Excellent, heart-warming tale of exploration and discovery. Using deft allegory, the authors have provided an insightful and intuitive explanation of one of Unix's most venerable networking utilities. Even more stunning is that they were clearly working with a very early beta of the program, as their book first appeared in 1933, years (decades!) before the operating system and network infrastructure were finalized.
The book describes networking in terms even a child could understand, choosing to anthropomorphize the underlying packet structure. The ping packet is described as a duck, who, with other packets (more ducks), spends a certain period of time on the host machine (the wise-eyed boat). At the same time each day (I suspect this is scheduled under cron), the little packets (ducks) exit the host (boat) by way of a bridge (a bridge). From the bridge, the packets travel onto the internet (here embodied by the Yangtze River).
The title character--er, packet, is called Ping. Ping meanders around the river before being received by another host (another boat). He spends a brief time on the other boat, but eventually returns to his original host machine (the wise-eyed boat) somewhat the worse for wear.
The book avoids many of the cliches one might expect. For example, with a story set on a river, the authors might have sunk to using that tired old plot device: the flood ping. The authors deftly avoid this.
Who Should Buy This Book: If you need a good, high-level overview of the ping utility, this is the book. I can't recommend it for most managers, as the technical aspects may be too overwhelming and the basic concepts too daunting.
Problems With This Book: As good as it is, The Story About Ping is not without its faults. There is no index, and though the ping(8) man pages cover the command line options well enough, some review of them seems to be in order. Likewise, in a book solely about Ping, I would have expected a more detailed overview of the ICMP packet structure.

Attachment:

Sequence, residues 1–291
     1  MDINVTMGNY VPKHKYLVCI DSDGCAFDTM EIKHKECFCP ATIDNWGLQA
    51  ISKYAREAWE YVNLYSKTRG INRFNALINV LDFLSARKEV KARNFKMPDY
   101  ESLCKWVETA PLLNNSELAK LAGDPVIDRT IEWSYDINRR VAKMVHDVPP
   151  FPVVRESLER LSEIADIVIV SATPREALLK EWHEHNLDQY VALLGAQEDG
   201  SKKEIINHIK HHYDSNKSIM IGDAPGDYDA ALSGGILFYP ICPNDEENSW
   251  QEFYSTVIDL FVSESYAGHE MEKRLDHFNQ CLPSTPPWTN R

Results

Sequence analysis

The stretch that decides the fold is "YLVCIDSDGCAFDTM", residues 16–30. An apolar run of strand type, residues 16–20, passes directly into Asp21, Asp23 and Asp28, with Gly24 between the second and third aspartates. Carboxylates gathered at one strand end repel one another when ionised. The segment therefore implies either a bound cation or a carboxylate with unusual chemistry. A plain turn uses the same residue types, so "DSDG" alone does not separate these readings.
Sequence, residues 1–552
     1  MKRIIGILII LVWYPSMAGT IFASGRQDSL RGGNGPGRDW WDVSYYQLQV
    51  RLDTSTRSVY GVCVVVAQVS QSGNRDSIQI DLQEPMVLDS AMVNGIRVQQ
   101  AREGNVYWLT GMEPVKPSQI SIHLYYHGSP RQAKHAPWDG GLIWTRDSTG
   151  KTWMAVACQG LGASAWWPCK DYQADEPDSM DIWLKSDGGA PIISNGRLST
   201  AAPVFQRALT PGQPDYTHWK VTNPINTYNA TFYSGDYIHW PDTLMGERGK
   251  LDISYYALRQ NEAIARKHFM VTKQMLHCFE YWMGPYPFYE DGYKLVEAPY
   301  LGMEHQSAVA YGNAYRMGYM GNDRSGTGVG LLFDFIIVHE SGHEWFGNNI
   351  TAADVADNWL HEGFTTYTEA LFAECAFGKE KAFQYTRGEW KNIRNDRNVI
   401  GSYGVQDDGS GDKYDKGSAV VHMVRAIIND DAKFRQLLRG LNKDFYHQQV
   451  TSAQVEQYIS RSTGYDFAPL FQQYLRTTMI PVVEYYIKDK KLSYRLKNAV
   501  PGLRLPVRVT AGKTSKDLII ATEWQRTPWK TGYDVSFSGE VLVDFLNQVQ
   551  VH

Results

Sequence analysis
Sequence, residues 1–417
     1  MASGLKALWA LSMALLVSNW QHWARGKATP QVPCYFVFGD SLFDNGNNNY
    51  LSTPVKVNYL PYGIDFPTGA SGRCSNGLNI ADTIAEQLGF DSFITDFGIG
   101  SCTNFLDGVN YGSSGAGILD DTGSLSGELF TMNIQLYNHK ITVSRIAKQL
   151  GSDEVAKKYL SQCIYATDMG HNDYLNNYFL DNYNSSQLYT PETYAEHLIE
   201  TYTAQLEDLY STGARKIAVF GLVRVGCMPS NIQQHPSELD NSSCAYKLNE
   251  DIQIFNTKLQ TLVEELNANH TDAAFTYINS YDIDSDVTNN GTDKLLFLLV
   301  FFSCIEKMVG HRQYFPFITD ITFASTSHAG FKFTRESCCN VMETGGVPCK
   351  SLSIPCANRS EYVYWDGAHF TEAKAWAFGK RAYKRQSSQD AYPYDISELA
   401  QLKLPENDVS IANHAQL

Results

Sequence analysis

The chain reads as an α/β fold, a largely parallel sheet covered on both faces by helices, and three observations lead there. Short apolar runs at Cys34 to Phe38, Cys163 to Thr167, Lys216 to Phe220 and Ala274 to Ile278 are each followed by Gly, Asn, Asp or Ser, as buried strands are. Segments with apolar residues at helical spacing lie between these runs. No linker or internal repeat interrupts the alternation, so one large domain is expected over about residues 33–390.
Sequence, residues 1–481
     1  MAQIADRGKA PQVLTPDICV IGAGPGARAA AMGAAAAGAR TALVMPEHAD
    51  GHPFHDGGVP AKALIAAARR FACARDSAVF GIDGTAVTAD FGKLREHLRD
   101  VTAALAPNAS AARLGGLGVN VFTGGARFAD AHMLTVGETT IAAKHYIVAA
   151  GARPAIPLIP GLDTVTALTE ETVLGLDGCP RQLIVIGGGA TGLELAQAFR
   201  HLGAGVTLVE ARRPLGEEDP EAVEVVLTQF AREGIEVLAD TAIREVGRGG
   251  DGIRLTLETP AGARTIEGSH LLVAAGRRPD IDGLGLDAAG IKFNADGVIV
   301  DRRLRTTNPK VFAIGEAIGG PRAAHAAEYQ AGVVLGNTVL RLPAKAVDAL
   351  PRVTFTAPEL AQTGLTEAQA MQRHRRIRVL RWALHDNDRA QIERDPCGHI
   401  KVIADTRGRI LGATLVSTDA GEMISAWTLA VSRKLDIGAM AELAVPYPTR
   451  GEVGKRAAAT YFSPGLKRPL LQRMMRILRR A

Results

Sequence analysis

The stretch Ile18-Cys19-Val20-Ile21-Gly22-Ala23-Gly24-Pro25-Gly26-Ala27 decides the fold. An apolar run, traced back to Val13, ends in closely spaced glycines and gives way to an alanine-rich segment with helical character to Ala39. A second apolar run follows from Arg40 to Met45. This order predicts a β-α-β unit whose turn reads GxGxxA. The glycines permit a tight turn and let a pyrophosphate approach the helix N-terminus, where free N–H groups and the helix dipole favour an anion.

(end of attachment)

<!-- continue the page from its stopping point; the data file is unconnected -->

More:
But even with these problems, The Story About Ping has earned a place on my bookshelf, right between Stevens' Advanced Programming in the Unix Environment, and my dog-eared copy of Dante's seminal work on MS Windows, Inferno. Who can read that passage on the Windows API ("Obscure, profound it was, and nebulous, So that by fixing on its depths my sight--Nothing whatever I discerned therein."), without shaking their head with deep understanding. But I digress.
Not what I originally expected... I collect reference books about the UNIX operating system. PING (short for Packet InterNet Groper) has always been one of those UNIX commands whose usefulness transcends its own simplicity. A coworker told me about a book dedicated to this one command, The Story About PING. I was a little surprised that an entire book was devoted to the history of this UNIX command, but the price was certainly affordable, so I ordered it from a distributor. What arrived was actually an illustrated story book for young children. I thought it was a mistake, but my coworker told me later he was just playing a prank. I did read the book on the plane while traveling on business, and I have to admit, it's one of the finest pieces of children's literature I have ever read. A classic tale of adventure and innocence, with an important lesson to be learned. Not what I originally expected, but an enjoyable read none the less.